Friday, September 29, 2006


The Manchester Conference: what a relief for Labour!

On 5th September last, Labour Party managers would have given anything for the conference they have just had. On that day, recall, an attempt to topple the prime minister had been made, apparently with tacit support from his oldest rival and the party stood poised on the brink of an abyss which could have plunged them into a decade of opposition. Following that Blair promised to go within a year, though without being too precise, and Brown appeared discreetly to move his tanks off Tony's lawn and back behind the flower beds. Even so the atmosphere was febrile and many expected some kind of blood to be smearing the G-Mex floor by the end of this week. That there was no blood is a sign that Labour has grown up just a little since the early eighties and, perhaps, that purely personality disputes are less harmful than those spiked with antithetical ideologies. Personally, I didn't think the party had shown the 'death wish' discerned by Polly Toynbee this morning.

Instead we had a number of quite good things upon which to reflect. Firstly, Gordon Brown's speech was not cut from the same dull David Davis cloth of last year which some had predicted. He failed to raise many heartbeats but he implicitly made his case to the party and wider movement that his competence and achievements had earned him the premiership. He also made an effort to convince us that he has learned a little magnamimity as well as the need to look outside his own circle for the talent to staff any new administration he might one day lead.

Secondly Blair, the old master, turned it on again and did manage to make the blood run more quickly. With this bravura performance he emphasised to delegates just how vital he has been to their party since he became leader in 1994. Large sections still want him to go but he has reminded them how big a hole he will leave once he has stepped down. I suspect he will have stilled much of the noisy discontent which characterized the late summer and might even be able to strtech his tenure by a few more months than commonly predicted.

Thirdly the supporting acts were good too: Bill Clinton weighed in with his guest speech to underline just how major a figure Blair has been; John Prescott won a fond farewell after apologizing for his Clintonian misdeeds but I just hope his apology to his wife was a bit more fulsome and and explicit than his cursory 'sorry' to the conference; and then we had John Reid, making his bid for leading the possible candidates to Gordon. On Reid's candidature I have written before and tend now to agree with Toynbee that the Newsnight focus group led by Frank Luntz should not be taken too seriously. Reid was shown favourably, making a strong verbal showing while the others' clips showed them being mostly mediocre.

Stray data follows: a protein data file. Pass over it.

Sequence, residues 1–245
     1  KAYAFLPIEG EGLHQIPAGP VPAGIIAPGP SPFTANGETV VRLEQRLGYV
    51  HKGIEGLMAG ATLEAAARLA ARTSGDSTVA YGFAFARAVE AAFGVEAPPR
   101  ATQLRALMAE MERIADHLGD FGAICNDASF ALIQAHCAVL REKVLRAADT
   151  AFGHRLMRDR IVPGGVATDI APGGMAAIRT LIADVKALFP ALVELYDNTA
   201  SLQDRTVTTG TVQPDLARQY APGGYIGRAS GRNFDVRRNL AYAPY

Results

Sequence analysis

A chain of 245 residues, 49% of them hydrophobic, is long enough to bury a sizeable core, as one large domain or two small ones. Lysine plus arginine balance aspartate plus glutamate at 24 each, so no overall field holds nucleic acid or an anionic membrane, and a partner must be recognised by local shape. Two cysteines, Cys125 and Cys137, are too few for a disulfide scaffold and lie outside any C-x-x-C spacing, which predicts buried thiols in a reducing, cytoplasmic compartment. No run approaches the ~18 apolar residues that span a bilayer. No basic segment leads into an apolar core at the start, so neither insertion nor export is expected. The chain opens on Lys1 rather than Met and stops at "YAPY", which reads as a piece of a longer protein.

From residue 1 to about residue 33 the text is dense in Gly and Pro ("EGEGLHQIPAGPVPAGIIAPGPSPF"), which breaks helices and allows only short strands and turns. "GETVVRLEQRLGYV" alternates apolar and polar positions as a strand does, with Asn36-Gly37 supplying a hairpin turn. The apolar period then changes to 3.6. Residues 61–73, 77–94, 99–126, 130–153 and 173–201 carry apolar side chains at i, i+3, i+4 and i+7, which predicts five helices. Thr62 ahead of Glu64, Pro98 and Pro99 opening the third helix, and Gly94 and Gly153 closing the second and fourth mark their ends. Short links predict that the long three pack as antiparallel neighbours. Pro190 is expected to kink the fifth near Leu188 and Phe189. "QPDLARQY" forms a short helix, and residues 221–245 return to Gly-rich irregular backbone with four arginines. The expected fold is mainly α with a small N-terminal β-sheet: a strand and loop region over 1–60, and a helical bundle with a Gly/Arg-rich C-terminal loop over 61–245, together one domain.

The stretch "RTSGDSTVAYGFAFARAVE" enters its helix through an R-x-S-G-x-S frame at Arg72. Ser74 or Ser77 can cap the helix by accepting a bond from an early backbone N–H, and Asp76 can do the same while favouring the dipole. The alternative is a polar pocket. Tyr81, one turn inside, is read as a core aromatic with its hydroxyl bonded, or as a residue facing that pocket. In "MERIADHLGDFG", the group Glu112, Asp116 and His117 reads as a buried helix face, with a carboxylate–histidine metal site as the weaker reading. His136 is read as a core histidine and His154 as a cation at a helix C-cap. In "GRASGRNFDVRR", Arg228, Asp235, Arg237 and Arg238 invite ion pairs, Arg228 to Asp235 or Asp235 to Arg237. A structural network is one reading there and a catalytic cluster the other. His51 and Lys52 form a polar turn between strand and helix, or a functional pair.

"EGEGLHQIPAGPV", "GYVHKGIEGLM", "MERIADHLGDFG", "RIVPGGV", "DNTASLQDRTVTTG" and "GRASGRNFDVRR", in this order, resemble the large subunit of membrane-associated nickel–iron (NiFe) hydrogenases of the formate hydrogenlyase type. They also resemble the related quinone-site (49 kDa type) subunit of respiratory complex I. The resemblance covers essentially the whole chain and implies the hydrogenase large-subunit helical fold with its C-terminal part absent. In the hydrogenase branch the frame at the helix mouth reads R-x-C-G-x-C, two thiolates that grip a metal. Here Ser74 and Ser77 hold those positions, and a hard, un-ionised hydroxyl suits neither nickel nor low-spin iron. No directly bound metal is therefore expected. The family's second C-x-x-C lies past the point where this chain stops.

But while Johnson has faded and Miliband is no longer even talked about, Reid is the one candidate who could come though to deny Gordon the premiership. Much depends on what happens between now and May but if terrorism becomes even more of a threat by then Reid's brand of tough-guy in your face Mohammed attitude might just come to challenge a man whose CV still makes him odds-on to lift the crown.

I was at the Conference on Wednesday when Blair did a 5 minute warm-up for Clinton. You really felt that there was still a great deal of genuine warmth from the delegates towards Blair. It might have been relief that he's going, but there were some very vocal gropus calling for 'four more years'. By the way, there was a terrific atmosphere there - it was more akin to a rock concert than a political rally. It certainly made a huge impression on the dozen or so A Level students I had taken along. As they say, 'Awesome'.
Where was the discussion throughout the week on:

Labour £27 million in the red

Loans for peerages scandal

Iraq war

The Prescott scandals

and others

no - it won't wash

Labour are 'in denial'

and the public will not forget all the scandals, the corruption, and the croneyism

at the risk of becoming a political pundit, I would aver that they will get wiped out at the next elections
Roy You may be right of course but:

1.The Conservatives, during the nineties, I'd argue were far more reprehensible than Labour.

2. Labour are not doing disastrously in polls. In 1992, a few months before polling day the Tories were 25 points behind and still managed to win.

3. Labour are indeed in 'denial' but to no greater extent than most parties are to their shortcomings at any one time.

4. Apart from Iraq, a huge 'apart from' I agree, Labour has been a successful government. I agree perceptions have been sullied by the scandals etc but on past performances, Labour should avoid a wipe-out at the next election. Current polls put them level pegging with Conservatives.
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